In our childhood world, we had fantasies, including zero-gravity flight. Some of the fantasies fade away, while some stay with us and deepen as overwhelming desires with the passing of time. Maybe, you do still imagine flying effortlessly and weightlessly in the vast expanse of air, with your arms stretched out and a cape tied to your back. How is it if you get an opportunity to relive your childhood fantasies in real? You don’t need to spend millions of dollars on Elon Musk’s space tourism programs. What can make your dreams of adventure in a gravity-free world, is a zero-gravity flight.
Worry no more! It’s all about to turn into a reality. Zero-G, a space tour operator, has promised an unforgettable once-in-a-lifetime experience in a Gravity-free flight. According to Zero-G’s website, “Zero Gravity Corporation is a privately held space entertainment and tourism company whose mission is to make the excitement and adventure of space accessible to the public. The experience offered by Zero-G is the only commercial opportunity on Earth for individuals to experience true ‘weightlessness’ without going to space.”
How Zero-Gravity Flights Work
Gravity-free flights require a unique aerial maneuver, better known as a parabola. Let’s simplify it down as to exactly how zero-gravity flights work. To achieve a gravity-free stage, the aircraft reaches a certain height from the ground and then, the pilot maneuvers the aircraft upwards and then downwards. Basically, the pilot draws a lowercase ‘n’ in the air. In a continuous succession, the movement of the aircraft resembles ripples in water.
To be precise, once the aircraft reaches an altitude of 24,000 feet, the pilot pulls the aircraft upwards with its nose facing 45 degrees. The aircraft continues climbing at the same angle until it reaches an altitude of 32,000 feet aka the peak of the parabola. When the aircraft reaches the peak, for about 30 seconds, you’ll experience a zero-gravity moment until the plane dives down to reach the initial altitude.
After the plane reaches the initial altitude of 24,000 feet, the pilot performs a few more additional parabola flights. There are four different kinds of gravity-free flight environments namely Martian gravity, lunar gravity, zero gravity, and hypergravity environment.
These gravity environments are achieved when the pilot flies the aircraft in the same angle and climbs even further than the peak point, making a larger arc; gravity-free flight moments depend on the size of the arc created. In the Lunar gravity environment, you’ll experience one-sixth of your weight and on the Martian gravity, you’ll experience one-third of your weight.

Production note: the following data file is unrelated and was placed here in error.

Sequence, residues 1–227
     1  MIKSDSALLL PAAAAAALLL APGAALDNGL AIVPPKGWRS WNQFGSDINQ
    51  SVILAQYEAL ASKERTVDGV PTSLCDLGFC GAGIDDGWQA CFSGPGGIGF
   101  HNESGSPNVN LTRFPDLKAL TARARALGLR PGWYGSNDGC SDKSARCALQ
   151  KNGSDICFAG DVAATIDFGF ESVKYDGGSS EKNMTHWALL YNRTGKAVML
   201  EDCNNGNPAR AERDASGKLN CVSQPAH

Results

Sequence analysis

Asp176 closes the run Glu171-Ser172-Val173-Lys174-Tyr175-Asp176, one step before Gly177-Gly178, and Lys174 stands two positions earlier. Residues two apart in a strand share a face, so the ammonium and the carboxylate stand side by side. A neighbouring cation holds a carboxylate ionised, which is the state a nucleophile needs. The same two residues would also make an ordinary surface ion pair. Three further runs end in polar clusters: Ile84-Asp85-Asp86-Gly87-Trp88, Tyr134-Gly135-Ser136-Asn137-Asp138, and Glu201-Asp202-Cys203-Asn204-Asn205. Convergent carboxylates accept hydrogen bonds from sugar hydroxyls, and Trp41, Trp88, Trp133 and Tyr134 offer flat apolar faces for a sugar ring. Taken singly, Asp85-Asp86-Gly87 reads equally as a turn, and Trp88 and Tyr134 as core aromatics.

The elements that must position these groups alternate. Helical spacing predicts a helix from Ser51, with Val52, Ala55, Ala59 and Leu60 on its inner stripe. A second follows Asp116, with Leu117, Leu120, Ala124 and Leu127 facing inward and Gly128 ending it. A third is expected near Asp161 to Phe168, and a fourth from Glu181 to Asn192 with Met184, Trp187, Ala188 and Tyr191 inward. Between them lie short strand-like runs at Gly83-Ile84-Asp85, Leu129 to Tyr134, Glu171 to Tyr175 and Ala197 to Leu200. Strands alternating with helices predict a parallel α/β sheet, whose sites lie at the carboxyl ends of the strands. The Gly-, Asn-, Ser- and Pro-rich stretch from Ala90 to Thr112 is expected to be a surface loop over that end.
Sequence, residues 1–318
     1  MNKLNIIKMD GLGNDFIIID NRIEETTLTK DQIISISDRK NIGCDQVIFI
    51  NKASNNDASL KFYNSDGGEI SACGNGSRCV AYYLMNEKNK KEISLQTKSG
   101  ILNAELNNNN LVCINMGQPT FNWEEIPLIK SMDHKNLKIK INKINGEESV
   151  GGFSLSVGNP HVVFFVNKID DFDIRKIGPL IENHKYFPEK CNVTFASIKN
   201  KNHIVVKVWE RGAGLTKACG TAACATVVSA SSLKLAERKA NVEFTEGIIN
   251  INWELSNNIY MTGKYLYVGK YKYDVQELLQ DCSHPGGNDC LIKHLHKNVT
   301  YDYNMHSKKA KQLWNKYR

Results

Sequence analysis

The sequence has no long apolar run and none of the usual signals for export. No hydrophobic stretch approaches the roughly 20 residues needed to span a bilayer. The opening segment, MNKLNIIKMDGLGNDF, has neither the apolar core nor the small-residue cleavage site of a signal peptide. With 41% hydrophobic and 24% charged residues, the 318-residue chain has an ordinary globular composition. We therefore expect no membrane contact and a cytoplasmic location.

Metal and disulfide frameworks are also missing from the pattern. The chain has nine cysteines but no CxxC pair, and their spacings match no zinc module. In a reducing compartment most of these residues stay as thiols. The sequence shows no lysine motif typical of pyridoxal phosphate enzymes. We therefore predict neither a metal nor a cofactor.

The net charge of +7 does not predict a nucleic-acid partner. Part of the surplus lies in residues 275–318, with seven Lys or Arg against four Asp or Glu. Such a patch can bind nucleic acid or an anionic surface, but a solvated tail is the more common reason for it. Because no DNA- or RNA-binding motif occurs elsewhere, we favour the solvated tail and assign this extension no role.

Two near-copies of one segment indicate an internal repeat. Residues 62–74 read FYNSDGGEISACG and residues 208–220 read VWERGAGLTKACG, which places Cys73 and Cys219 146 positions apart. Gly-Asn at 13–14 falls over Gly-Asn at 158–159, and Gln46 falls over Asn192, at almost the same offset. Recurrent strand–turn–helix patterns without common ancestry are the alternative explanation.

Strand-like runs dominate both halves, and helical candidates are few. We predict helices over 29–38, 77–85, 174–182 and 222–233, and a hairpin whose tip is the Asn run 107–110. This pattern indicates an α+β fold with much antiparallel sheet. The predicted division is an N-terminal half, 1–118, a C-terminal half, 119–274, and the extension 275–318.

Cost of Zero-Gravity Flights
The saying “You have to lose something to gain something” stands true. Soaring like a superhero with your hands stretched out comes at a cost. Zero-G offers three different packages.
The first package requires you to shell out $5,400 plus 5% tax for a seat on a zero-gravity flight. To be precise, it costs a few hundred dollars more than business class flights. In case you plan on tagging your friends and family along, you can avail of the second package which will cost you $55,000 along with a 5% tax for 12 people. Moreover, if your coffers are deep enough and you want to avail a charter flight, it’ll cost you $165,000 along with a 5% tax.
The cost of a zero-gravity flight varies based on your preferences but, the perks will be the same for all packages. The perks include 15 parabolic maneuvers with 20 to 30 seconds of zero-gravity moments each, merchandise from Zero-G, meals before and after the flight, complimentary photos and videos of your experience in zero-gravity and a certificate stating that you successfully completed a zero-gravity flight.
Zero-gravity flights take place within the Federal Aviation Administration (FAA) corridor, which is away from most commercial flight routes and is around 100 miles long and 10 miles wide.
If you want to experience zero-gravity, you can grab a seat on zero-gravity flights in USA as Zero-G has released its 12-city flight schedule for 2020:
- Atlanta – March 21
- Austin – April 4; Oct. 3
- Houston – March 28; June 6; Nov. 7
- Las Vegas – April 25; Aug. 15; Oct. 31
- Los Angeles – Feb. 15; April 18; June 27; July 25; Oct. 24
- Miami – Feb. 29; March 7; May 23; Aug. 29; Nov. 21
- New England – May 3
- New York – May 9; Sept. 26
- Washington, D.C. – May 16; Sept. 19
- Orlando – Feb. 22; May 30; Sept. 12; Nov. 14
- San Francisco – April 11; June 13; Aug. 1; Oct. 17
- Seattle – June 20; Aug. 8; Oct. 10